BRIAN LAMB, HOST: John Toland, author of "Captured by History," near the end of your book you
say, `When I became a Communist I chose to -join the American peace
mobilization. I picketed for peace in front of the White House and yet, like
so many of my comrades in APM, I tried to enlist the day after Pearl Harbor.'
Mr. JOHN TOLAND (Author, "Captured by History: One Man's Vision of Our
Tumultuous Century"): Mm-hmm.
LAMB: `Later I opposed the Korean War and publicly decried the Vietnam and Gulf wars.'
Mr. TOLAND: Yeah.
LAMB: Explain all that.
Mr. TOLAND: Well, I had learned in my life that the worst thing we had to
face was war; that nobody won. And I have come to believe that this was the
worst century of mankind because of it--the war--the wars that solved no
problems, only developed new ones. And if this continues and we have another
war, I think it's the end of the world because we have got now a gas, for
example, that can wipe out other countries in a few days. I don't want that
gas, and I have an idea it's already been sold to several countries.
LAMB: Go back to your statement about being a Communist. When were you a Communist?
Mr. TOLAND: Let's see, I was--I think I was about--I was out of Williams
about four--four years, something like that, and I'd been traveling. I spent
four summers riding freight trains and so forth and finding America at her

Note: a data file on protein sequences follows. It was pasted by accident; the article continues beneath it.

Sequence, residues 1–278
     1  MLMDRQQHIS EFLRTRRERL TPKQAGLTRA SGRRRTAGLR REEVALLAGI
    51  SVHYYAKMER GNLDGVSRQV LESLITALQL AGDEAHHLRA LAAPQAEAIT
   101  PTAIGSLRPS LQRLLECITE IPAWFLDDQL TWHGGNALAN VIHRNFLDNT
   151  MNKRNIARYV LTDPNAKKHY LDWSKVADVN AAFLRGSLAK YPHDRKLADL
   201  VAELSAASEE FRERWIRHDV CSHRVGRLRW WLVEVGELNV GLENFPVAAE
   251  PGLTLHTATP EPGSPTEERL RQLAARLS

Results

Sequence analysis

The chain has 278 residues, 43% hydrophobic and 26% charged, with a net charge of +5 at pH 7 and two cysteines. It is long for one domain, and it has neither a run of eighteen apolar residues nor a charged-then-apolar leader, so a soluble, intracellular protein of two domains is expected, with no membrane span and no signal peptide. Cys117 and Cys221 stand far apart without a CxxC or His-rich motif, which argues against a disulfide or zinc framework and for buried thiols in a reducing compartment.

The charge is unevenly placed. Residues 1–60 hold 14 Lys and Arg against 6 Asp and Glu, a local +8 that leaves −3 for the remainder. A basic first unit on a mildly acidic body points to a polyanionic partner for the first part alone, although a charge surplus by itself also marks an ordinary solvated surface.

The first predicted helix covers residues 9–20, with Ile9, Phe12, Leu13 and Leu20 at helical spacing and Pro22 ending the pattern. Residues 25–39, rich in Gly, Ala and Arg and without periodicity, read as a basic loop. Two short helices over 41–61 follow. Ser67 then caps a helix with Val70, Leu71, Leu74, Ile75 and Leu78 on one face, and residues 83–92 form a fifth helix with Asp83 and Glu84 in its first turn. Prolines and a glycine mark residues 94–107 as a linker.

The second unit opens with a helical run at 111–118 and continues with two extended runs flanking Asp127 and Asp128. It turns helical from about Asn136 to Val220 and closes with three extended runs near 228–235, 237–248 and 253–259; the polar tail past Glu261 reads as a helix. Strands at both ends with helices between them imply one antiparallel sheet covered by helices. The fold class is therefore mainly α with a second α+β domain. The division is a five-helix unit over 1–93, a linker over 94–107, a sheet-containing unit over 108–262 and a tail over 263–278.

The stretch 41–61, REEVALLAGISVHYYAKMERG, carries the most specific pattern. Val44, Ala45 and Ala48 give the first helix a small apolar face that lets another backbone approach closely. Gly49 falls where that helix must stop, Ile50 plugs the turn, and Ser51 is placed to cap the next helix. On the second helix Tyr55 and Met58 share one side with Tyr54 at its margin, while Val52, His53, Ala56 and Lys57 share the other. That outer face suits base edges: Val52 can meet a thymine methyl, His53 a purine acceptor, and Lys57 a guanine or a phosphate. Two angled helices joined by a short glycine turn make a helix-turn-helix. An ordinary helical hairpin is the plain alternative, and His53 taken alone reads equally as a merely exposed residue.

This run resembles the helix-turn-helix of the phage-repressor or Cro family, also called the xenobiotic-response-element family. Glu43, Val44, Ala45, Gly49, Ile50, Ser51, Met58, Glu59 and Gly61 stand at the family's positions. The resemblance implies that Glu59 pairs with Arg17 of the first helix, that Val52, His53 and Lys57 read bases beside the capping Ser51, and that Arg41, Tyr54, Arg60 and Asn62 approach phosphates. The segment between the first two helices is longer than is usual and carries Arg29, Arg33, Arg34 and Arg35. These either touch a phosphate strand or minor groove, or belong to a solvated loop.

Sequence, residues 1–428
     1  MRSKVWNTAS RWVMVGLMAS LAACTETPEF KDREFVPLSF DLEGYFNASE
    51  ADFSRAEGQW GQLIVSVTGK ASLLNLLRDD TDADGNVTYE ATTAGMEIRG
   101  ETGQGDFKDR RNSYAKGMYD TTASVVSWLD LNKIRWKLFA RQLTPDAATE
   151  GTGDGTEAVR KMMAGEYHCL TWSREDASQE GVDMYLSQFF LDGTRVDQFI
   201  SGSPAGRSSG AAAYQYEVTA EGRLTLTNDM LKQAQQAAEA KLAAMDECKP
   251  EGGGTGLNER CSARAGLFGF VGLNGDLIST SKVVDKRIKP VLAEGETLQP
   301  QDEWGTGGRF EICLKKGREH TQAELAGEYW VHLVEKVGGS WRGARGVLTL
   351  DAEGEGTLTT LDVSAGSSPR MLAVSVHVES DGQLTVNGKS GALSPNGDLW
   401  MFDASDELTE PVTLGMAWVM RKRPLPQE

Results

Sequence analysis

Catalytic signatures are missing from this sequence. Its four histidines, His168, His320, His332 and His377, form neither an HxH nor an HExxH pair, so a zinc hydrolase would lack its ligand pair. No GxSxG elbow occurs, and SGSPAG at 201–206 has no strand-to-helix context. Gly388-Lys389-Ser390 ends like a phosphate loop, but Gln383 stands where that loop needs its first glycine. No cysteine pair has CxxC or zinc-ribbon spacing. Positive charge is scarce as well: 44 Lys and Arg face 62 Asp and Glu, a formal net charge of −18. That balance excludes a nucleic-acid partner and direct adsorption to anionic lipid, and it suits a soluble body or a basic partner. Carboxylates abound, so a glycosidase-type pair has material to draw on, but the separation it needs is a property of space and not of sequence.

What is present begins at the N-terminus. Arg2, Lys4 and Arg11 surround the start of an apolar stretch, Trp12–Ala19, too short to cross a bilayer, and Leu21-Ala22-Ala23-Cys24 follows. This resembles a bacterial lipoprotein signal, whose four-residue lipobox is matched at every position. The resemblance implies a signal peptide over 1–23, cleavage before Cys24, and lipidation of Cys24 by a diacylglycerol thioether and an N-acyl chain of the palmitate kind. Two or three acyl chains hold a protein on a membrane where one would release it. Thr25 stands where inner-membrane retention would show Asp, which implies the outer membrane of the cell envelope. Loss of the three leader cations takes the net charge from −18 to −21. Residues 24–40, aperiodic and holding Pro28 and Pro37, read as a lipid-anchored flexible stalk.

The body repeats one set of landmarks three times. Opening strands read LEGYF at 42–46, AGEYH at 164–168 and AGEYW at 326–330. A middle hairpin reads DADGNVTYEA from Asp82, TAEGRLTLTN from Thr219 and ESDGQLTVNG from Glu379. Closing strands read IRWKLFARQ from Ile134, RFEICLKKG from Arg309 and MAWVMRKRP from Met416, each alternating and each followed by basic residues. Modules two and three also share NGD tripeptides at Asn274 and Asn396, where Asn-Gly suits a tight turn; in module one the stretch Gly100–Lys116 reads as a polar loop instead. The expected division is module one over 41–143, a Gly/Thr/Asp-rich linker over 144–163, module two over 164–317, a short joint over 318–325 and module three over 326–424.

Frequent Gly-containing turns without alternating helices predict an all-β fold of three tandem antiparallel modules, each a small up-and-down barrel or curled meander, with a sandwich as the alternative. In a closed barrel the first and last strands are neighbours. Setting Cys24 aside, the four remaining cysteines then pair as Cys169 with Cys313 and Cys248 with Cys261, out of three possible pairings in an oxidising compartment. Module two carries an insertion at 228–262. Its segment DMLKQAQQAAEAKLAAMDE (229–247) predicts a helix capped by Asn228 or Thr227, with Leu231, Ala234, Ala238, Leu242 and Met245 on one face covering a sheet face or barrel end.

best. I just loved riding freight trains and meeting all these wonderful
people on the trains. There were no fights there. I'd heard about all the
fights they had in the jungles, which were not called jungles by them.
Everybody was helping everybody else. And these--most of them are young men
that had left their farms because they wanted their sisters and mothers to
have just enough money to eat, and they were out--and I was following them.
We were working at--a week or so on--picking --one crop, then to
another crop, and I followed them around. And I'll tell you, if you've ever
tried to pick lettuce, believe me, that's a tough job.
And--but I found out they helped each other. There were--no animosity
among them. The only people that they hated were the yard bulls that were in
the yards. Now on the freight trains, the head of the freight train was
called a conductor, by the way, and he had about five or six men. They were
friends to these riders. They let them ride. Now there's certain--they'd
have to lock up certain cars. Sometimes you'd have to ride on top in various
places, but they were not brutal like the yard bulls. Once you got off,
they'd start hitting you with clubs.
LAMB: But you had graduated from Williams College.
Mr. TOLAND: At the--I was still at Williams when I was riding.